# What are the differences (if any) between the Dyson's series definition and the "in/out" definition of the $S$-matrix

The in and out states are defined as solutions to the Lippmann-Schwinger equation, with the appropriate boundary condition prescribed by the choice of the contour ($\pm \varepsilon$). $$ | \psi^{(\pm)}_a \rangle = | \phi_a \rangle + \frac{1}{E - H_0 \pm i \epsilon} V |\psi^{(\pm)}_a \rangle $$ If you calculate the $S_{ab}=\langle \psi_b^-|\psi^+_a\rangle$ you gonna find a recursive relation for the the S-matrix. $$ S_{ab}=\delta(a-b)-2i\pi\delta(E_a-E_b)T_{ab}. $$ $$ T_{ab}=V_{ab}+\int dc\frac{V_{cb}T_{ac}}{E_a-E_c+i\varepsilon} $$ $$ T_{ab} = \langle \phi_b |V|\psi^{(\pm)}_a \rangle $$ $$ V_{ab} = \langle \phi_b |V|\phi_a \rangle $$ If you iterate this recursive relataion over and over you are left with a series. This series can be identified with a time ordering of the desired exponential if you use that: $$ \frac{1}{E_b - E_c + i \epsilon}=-i\int_0^{\infty} dt \exp\left[{i(E_b-E_c)t -\varepsilon t}\right] $$ Then you may see that adiabatic turning on and off interactions are the same thing as putting the $\pm i\varepsilon$ in the Schwinger-Lippmann equation, i.e. imposing the existence of in and out scattering states.

In LSZ approach we go to a different root. We have already a formal hamiltonian (the QFT theory). Scattering states could be build out of this hamiltonian by seeking for long-lived states with some dipersion relation. Mathematically they are poles of the two-point correlation function. The $Z$ is only requiried if you want to work with this fundamental fields inside the hamiltonian, like the fields in the correlation function. Then, you need to assume that the field create and destroy different states than the scattering ones.

The adiabatic assumption is behind all this approaches. Is ultimately related to the fact that exist scattering states behaving as a free particle. The difference is that in Lippmann-Schwinger approach you have asymptotic *physical* particles and in LSZ you have self-interacting bare particles giving rise to a physical one.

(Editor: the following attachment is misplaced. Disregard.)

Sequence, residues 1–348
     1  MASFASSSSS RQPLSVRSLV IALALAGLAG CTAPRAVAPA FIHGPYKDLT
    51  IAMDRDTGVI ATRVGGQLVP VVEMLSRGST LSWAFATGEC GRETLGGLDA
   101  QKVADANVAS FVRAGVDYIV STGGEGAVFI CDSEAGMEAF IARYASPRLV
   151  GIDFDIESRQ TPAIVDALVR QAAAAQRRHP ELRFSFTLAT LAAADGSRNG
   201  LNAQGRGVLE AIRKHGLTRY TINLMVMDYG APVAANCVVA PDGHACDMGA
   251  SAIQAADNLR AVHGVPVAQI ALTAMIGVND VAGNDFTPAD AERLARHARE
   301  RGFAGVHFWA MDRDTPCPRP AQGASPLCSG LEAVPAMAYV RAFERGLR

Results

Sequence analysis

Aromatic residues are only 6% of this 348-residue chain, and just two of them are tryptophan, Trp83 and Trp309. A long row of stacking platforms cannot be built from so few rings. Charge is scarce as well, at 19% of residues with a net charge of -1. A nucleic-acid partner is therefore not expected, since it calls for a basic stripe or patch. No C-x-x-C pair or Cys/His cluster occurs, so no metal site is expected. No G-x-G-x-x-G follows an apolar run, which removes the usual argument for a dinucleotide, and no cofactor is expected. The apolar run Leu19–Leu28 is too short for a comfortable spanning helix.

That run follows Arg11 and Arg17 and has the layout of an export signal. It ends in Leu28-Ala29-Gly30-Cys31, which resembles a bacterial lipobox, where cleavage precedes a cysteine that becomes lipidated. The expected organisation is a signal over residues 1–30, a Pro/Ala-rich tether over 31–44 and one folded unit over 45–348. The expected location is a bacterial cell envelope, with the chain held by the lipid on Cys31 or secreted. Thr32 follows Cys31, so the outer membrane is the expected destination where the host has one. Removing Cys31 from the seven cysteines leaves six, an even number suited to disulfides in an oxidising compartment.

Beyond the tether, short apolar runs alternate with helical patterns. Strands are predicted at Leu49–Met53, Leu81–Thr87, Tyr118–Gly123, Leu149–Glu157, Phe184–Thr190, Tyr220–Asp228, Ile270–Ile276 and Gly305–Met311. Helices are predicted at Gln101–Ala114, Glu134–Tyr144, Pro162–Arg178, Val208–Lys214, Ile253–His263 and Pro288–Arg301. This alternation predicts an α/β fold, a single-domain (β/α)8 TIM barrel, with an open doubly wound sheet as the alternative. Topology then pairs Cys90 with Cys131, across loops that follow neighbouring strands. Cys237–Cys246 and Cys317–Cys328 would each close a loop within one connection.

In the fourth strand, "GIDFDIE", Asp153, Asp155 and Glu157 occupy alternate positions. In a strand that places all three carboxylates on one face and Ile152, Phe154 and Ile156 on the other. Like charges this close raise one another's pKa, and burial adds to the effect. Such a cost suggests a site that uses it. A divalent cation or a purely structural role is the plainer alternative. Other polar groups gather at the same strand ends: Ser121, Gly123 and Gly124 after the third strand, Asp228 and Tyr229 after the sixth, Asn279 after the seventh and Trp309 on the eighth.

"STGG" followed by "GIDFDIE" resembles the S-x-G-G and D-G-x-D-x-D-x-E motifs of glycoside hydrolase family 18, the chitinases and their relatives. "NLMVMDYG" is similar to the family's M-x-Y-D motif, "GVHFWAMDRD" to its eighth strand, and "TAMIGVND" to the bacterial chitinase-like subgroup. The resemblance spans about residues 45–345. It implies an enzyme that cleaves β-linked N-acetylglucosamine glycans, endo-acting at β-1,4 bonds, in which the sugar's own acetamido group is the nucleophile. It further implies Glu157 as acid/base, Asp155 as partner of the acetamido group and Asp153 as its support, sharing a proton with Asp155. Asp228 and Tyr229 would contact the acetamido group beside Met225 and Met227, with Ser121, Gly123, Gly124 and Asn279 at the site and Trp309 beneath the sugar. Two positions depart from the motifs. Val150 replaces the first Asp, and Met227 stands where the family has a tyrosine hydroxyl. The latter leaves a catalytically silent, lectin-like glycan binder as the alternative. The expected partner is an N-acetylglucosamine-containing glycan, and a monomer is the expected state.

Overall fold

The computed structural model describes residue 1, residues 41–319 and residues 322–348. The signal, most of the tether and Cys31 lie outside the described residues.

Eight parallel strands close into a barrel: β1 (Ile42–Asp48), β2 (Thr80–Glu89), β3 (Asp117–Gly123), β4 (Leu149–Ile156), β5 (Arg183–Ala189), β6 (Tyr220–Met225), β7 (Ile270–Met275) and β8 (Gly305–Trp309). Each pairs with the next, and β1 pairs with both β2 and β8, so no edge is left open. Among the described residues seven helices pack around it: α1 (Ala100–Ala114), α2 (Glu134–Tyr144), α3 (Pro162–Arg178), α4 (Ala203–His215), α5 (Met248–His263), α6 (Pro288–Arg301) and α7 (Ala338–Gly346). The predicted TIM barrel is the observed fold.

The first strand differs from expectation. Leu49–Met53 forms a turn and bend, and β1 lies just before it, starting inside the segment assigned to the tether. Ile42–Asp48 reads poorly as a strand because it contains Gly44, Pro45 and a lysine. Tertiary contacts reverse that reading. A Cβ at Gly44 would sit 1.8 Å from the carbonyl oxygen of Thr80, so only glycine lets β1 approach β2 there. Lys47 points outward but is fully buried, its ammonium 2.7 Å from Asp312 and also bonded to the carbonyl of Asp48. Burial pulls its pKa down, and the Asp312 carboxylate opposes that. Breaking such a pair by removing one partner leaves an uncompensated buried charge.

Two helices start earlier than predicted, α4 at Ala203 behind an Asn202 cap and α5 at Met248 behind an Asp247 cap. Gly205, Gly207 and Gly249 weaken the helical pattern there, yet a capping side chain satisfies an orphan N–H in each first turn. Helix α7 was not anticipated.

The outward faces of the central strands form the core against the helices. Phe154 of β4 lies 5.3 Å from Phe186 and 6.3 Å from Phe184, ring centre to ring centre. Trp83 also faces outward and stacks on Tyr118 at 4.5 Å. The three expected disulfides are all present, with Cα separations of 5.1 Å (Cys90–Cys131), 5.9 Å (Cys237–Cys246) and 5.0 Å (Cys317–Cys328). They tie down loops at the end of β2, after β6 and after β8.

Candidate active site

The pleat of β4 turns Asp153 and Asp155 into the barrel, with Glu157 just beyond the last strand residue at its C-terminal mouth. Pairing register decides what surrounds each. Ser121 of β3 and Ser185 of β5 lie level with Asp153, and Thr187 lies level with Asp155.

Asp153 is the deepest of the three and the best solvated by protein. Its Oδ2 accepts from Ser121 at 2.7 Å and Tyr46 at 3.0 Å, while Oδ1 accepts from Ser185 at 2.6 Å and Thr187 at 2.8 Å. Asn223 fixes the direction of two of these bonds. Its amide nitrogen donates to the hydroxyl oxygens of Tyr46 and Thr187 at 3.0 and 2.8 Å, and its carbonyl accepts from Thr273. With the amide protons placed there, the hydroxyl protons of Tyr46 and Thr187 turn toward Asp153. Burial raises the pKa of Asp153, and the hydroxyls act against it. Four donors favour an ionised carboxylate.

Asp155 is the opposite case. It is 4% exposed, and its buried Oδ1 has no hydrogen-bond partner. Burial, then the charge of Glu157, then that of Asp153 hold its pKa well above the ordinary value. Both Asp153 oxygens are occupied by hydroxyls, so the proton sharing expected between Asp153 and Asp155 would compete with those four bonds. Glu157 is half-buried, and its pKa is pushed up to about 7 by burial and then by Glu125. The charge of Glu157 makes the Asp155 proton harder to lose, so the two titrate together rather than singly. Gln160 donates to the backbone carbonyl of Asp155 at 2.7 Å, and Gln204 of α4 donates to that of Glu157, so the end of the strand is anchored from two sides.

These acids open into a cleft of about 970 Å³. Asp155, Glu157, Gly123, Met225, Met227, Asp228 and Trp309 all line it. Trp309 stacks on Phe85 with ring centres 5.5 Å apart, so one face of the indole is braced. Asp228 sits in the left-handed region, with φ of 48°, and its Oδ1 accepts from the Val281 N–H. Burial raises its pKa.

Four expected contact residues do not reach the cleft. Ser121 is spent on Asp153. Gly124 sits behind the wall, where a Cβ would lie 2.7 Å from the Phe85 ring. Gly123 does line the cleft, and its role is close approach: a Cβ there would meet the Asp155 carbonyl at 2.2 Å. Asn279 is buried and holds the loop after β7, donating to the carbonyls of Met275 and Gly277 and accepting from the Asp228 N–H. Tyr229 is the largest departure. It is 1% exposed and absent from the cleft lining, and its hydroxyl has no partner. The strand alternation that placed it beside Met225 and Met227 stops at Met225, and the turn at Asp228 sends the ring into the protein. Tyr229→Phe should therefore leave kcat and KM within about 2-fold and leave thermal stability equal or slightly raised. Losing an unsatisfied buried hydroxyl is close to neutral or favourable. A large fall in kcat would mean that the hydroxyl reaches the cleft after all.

Nogueira's answer was really helpful, I just wanted to add a few remarks in hindsight.

When I wrote this question, one of the things which confused me was that I couldn't see how the "in" and "out" states which one defines in formal scattering theory, via e.g. the Lippmann-Schwinger equation (see Nogueira's answer), would coincide with the states created by the "in" and "out" fields from the vacuum, e.g.: $$\vert \mathbf p \text { in}\rangle=i\intop \text d^3{\mathbf x} f_{\mathbf p }^* (x) \overleftrightarrow {\partial _0} \phi _{\text {in}}(x)\vert 0 \rangle.$$

If one defines the "in" field, for the scalar case, via the linear combination: $$\phi _{\text {in}}(x)=\intop \text d ^3\mathbf p \lbrace a_{\text {in}}(\mathbf p )f_{\mathbf p}(x)+\text {h.c.}\rbrace, $$ and, in turn, defines $a(\mathbf p )$ as the destruction operator for the "in" states, then the correspondence is tautological.

However, some texts (for example, Bjorken&Drell), start from "in" and "out" operators defined by the Yang-Feldman equations:$$\phi _{\text{in}}(x)=\phi (x)-\intop \text d ^4 y \Delta _{R}(x-y)j(y),$$ where $\Delta _R$ is the retarded Green's function for the Klein-Gordon equation and $\phi$ is the (renormalized) interacting field, which satisfies: $$(\square +m^2)\phi =j.$$ In this case, the correspondence is not immediately obvious, since one has to prove that wave-packets constructed from $\phi _{\text {in}}$ converge indeed (at least weakly) to free states.

Precisely this questions are addressed in an old article by Schweber S., "On the Yang-Feldman formalism", and also (quite easier to read) in his book "Introduction to quantum field theory", sec. 17d, where he defines the in field by $$\phi _{\text {in}}(x)=e^{iHt}\Omega^+ \phi (\mathbf x ,0)(\Omega ^+)^\dagger e^{-iHt},$$ and proves that is satisfies the Yang-Feldman equation.